Certifiable Sea Pirates, Less Trendy Food, and other legal news to ponder from Cape Law Firm

Is Our Seafood a Certifiable Mess?

The new Netflix documentary, , has at least one trademark owner scrambling for cover. The scandal-style movie sets out to expose the global fishing industry as the greatest threat to marine life and the world’s oceans, taking particular aim at the “” certification mark – a special type of trademark. Certification marks are used to signify goods or services meet a set of standards or criteria (i.e., quality, accuracy, geographic origin, or other particular characteristics).
The “Certified Sustainable Seafood MSC www.msc.org” mark is intended to certify
seafood’s compliance with the Marine Stewardship Council’s “standards of environmentally sustainable practices, minimizing environmental impact, supply chain management, eco-labeling, and overall effective management changes and trends in sustainability best practices.” But the documentary depicts much of the global fishing fleet as overharvesting fish, killing dolphins, harvesting sharks for their fins, dumping plastic fishing nets, using slave labor, and other heinous activities. In short, the documentary portrays the Certified Sustainable Seafood mark as a meaningless marketing ploy. What does this mean for the mark? A certification mark is subject to cancellation if (i) the registrant doesn’t control, or is unable to control its use, (ii) it is used for purposes other than certification, or (iii) if the mark was obtained fraudulently. Seaspiracy essentially alleges all of these grounds in the movie.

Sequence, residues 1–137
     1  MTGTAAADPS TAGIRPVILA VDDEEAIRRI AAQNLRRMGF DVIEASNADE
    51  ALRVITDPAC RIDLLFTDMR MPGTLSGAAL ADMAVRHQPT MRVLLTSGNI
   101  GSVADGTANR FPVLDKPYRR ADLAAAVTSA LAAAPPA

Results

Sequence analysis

Maybe it’s time to give crawfish a try!

Speciality crops hit by Covid

revealed that Covid’s casualties include speciality crops and the farmers that grow them. After Covid forced restaurants, hotels, and other food-centric businesses to shut down, the food supply chain was upended in all sorts of crazy ways. Some staples in the cupboard were immediately in short supply, while many produce items such as potatoes, fruits, and specialty greens had nowhere to go, causing growers to dump crops on a large scale. Unique and trendy varieties targeted at chefs and restaurants were hit especially hard because the market simply evaporated. As a result many growers are going back to basics with “storage” crops with longer shelf-lives and everyday vegetables that have steady, consistent demand in the marketplace. Commodity crops are widely expected to surge to record acreage
One the one hand, its a shame to see innovative farming take a step back, but the silver lining will hopefully be an abundant supply of staple items. Now growers just have to hope that the focus on the basics doesn’t hurt prices with oversupply.

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